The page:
The petitioners also contend, from the phraseology of G. L. (Ter. Ed.) c. 31, Section 20, as appearing in St. 1947, c. 354, Section 1, in its first sentence, [Note p610-2] that the Legislature reserved to itself the power to make regulations altering in any degree the competitive nature of examinations for appointment and promotion in police and fire forces of cities and towns and in the police force of the metropolitan district commission. They argue that, because the Legislature specifically provided by statute, c. 31, Section 23, for preference in appointment of veterans, it reserved to itself the right to provide for preference in promotions, particularly in view of the use of the words in Section 20 "or in the rules of the commission relative to temporary or emergency appointments."

We do not agree with this contention. The petitioners disregard the use of the words "except as otherwise provided in this chapter," which must necessarily refer to the rule making power of the commission as provided in c. 31, Section 3. We believe that the amendment to Rule 21 is within the provisions of the governing statute, c. 31, and complies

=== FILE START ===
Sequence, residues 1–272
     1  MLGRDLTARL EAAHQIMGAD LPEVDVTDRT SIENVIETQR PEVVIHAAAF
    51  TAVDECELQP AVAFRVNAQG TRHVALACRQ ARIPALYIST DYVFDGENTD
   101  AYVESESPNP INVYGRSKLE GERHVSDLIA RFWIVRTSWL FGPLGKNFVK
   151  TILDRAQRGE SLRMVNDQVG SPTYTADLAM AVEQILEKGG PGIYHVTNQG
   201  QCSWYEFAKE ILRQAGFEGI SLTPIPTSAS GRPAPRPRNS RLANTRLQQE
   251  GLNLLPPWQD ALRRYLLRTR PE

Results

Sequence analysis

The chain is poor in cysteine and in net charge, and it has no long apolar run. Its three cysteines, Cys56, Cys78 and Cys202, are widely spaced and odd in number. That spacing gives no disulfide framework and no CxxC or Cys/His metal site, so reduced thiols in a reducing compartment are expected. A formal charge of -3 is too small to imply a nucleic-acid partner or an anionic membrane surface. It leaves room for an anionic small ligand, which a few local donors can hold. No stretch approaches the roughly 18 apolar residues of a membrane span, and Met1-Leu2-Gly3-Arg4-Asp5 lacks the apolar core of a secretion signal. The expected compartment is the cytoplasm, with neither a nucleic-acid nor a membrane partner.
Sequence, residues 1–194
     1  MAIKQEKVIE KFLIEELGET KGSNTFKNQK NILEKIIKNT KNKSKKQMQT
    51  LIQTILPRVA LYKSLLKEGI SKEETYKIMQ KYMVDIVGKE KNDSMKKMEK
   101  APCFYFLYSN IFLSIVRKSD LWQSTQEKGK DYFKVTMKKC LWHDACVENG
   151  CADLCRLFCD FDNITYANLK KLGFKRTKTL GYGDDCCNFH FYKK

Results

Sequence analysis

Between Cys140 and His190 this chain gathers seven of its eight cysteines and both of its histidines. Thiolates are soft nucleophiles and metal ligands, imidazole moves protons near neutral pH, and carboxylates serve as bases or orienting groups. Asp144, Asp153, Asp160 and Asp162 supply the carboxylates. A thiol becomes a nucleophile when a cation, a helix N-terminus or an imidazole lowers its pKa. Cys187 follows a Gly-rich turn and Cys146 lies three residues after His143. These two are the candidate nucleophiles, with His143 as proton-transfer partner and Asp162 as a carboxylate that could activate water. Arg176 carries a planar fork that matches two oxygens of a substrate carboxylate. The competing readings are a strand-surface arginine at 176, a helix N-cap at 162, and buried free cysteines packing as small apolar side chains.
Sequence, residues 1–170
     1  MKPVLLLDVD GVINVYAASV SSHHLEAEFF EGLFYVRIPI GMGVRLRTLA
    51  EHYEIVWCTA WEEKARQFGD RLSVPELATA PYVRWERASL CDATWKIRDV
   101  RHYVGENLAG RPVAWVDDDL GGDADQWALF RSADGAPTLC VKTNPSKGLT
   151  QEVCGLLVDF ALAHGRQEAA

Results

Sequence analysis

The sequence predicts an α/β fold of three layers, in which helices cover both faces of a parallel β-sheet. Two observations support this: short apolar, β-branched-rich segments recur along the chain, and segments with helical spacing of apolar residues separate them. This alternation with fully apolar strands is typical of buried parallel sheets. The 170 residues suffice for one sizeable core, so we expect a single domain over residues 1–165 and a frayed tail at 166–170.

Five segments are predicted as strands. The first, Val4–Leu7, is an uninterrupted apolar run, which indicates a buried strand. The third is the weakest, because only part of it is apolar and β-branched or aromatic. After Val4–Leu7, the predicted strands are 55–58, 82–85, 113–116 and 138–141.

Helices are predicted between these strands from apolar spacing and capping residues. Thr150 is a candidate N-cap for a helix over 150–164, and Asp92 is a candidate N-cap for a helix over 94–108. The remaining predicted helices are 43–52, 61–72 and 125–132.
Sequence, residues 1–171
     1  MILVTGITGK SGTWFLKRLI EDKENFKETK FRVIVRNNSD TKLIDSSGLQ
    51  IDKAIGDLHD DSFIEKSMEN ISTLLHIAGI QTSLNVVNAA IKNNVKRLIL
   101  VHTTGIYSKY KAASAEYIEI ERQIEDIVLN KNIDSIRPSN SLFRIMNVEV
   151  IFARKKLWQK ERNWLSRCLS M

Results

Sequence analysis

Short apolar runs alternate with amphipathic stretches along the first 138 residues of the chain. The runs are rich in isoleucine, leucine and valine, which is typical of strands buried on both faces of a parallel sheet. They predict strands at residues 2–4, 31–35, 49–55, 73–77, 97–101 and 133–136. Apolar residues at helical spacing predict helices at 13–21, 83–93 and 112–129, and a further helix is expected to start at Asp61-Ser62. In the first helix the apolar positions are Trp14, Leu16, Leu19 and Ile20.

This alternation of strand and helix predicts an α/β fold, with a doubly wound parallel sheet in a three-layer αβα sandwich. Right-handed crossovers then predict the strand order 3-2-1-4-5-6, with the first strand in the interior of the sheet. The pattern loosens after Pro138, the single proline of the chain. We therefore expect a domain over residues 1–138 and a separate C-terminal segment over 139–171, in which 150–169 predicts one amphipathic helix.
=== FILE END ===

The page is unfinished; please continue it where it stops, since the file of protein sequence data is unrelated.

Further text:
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with its terms. We believe that the commission had no choice other than to make the amendment to Rule 21 because of the language in MacCarthy v. Director of Civil Service, 319 Mass. 124 , 126, where it was said, "The present statute . . . requires rules giving preference to `veterans' in both appointment and promotion . . .." See opinion of Attorney General in report for the year ending June, 1945, page 53. While it may appear that if Section 3 (g) and Section 20 were each to be construed separately there would be conflict between them, this is not true if they are construed together, as they must be. It has been said in McDowell v. Hurley, 291 Mass. 258 , 260, "The statute does not attempt to say how much weight shall be given" to each. It is a general rule of statutory construction that all provisions must be so construed that they can operate harmoniously together. Opinion of the Justices, 324 Mass. 736 , 744. In that same opinion when this proposed amendment to Rule 21 with another amendment to the rules not here material was under consideration it was said, "It follows that the proposed amendments to the rules are within the authority of the civil service commission to make."